William P. Birmingham
Technical Report CSE-TR-383-99, Department of Electrical Engineering and Computer Science, University of Michigan, 1999.

We propose an approach to achieve appropriate exchange of services and data in distributed systems subject to semantic heterogeneity. We assume differentiated ontologies: that terms have formal definitions as concepts related to other concepts, that local concepts inherit from concepts that are shared, and that most or all primitives are shared. We then develop measures of description compatibility using the structure of the source and target definitions. We evaluate these measures by generating description-logic ontologies in artificial worlds. In our simulations, the "meaning" of a concept is its denotation in a finite universe of instances. The accuracy of the description compatibility measures can thus be judged by their success in predicting the overlap of concept denotations. Description compatibility can be used to guide agent search for services across communities that subscribe to differentiated ontologies.

Creating Ontological Metadata for Digital Library Content and Services
Peter Weinstein and William P. Birmingham
International Journal on Digital Libraries, special issue on artificial intelligence for digital libraries, 2(1): 19-36, Springer-Verlag, 1998.
Available in compressed postscript.

We use formal ontologies to represent knowledge about digital-library content and services. Formal ontologies define concepts with logic in a frame-inheritance structure. The expressiveness and precision of these structures supports computational reasoning that can be used in important ways. This paper focuses on the creation of ontological metadata.

We create ontological content metadata by generating it from MARC (MAchine Readable Cataloging) data. MARC contains much information that is hard to exploit computationally. In particular, relationships between works are implicit in shared values and natural-language notes. The conversion process involves specifying an ontological model, mapping MARC to the ontology, and reasoning about the data to create explicit links between works.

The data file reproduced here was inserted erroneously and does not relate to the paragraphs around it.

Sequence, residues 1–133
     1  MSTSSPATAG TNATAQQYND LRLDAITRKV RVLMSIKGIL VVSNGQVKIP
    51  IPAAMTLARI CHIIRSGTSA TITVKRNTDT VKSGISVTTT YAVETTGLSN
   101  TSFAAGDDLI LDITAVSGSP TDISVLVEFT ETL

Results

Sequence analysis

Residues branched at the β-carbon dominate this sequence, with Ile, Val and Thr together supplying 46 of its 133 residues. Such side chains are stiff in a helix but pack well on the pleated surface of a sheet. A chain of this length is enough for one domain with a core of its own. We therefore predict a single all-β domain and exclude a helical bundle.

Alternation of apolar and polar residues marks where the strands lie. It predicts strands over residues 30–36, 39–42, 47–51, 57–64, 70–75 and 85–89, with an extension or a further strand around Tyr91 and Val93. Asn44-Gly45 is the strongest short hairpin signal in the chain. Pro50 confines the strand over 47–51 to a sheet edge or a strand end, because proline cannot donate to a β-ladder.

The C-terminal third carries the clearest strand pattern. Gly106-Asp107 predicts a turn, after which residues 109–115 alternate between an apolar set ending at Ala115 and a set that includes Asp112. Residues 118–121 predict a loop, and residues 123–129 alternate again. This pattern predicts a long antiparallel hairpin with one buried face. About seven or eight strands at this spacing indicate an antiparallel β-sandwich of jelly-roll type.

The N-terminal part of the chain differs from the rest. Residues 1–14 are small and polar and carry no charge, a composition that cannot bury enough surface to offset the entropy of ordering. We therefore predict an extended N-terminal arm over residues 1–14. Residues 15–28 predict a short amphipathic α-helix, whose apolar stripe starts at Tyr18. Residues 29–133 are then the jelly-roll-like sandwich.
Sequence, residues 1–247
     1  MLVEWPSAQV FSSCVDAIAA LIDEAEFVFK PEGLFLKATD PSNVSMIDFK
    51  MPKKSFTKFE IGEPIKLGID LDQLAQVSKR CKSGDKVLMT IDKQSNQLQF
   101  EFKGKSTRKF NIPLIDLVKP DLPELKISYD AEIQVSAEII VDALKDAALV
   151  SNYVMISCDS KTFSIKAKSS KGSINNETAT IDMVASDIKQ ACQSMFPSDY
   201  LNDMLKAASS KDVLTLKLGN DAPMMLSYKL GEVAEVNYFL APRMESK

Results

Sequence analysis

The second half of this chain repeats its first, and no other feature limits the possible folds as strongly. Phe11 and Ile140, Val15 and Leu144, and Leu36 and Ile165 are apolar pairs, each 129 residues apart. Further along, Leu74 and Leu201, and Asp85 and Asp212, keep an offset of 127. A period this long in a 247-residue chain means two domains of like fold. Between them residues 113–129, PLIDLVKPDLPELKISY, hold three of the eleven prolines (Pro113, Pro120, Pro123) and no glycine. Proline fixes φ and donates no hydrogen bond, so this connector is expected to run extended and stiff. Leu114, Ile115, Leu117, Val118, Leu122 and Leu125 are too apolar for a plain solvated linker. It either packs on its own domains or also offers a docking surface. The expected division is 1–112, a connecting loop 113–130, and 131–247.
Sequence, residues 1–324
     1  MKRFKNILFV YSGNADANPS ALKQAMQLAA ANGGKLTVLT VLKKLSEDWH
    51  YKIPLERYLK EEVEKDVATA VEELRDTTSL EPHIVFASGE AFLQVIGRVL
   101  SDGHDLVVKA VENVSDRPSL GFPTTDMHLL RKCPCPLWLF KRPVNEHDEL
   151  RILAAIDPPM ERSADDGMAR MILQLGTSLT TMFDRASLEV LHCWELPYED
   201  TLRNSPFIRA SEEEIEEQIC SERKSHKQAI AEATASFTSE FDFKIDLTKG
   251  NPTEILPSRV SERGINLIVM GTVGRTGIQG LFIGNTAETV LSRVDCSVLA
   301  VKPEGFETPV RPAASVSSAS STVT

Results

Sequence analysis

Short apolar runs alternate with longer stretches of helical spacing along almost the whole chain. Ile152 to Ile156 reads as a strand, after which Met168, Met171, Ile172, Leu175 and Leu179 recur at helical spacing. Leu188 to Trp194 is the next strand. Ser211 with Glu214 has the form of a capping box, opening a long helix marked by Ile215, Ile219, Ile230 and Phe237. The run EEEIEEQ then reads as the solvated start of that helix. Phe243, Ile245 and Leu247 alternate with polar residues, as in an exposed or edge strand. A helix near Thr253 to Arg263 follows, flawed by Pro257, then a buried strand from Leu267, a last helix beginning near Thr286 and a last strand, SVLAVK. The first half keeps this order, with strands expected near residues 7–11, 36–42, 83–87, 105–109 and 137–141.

Service metadata will be supplied by providers who wish to participate fully in a digital library that is implemented as a decentralized multi-agent system. Agents advertise by describing their services in terms of ontologically defined concepts. We reason about these descriptions to organize them into subsumption taxonomies. Agents can then find the best available services to meet their needs by describing their needs, without requiring a priori knowledge of other agents. This infrastructure has demonstrated its usefulness in a multi-agent system organized as a computational economy.

Agent-Based Digital Libraries: Decentralization and Coordination
Peter Weinstein, William P. Birmingham, Edmund Durfee
IEEE Communications Magazine 37(1): 110-115, January 1999.
Available in postscript and RTF.

This paper describes agent-based systems and explains why digital libraries should be built with this type of architecture. The primary advantage of agent-based architecture is decentralization, which enables scaling, flexibility, and extensibility. The corresponding requirement is the need to coordinate agent activity. We describe the approach taken by the University of Michigan Digital Library project.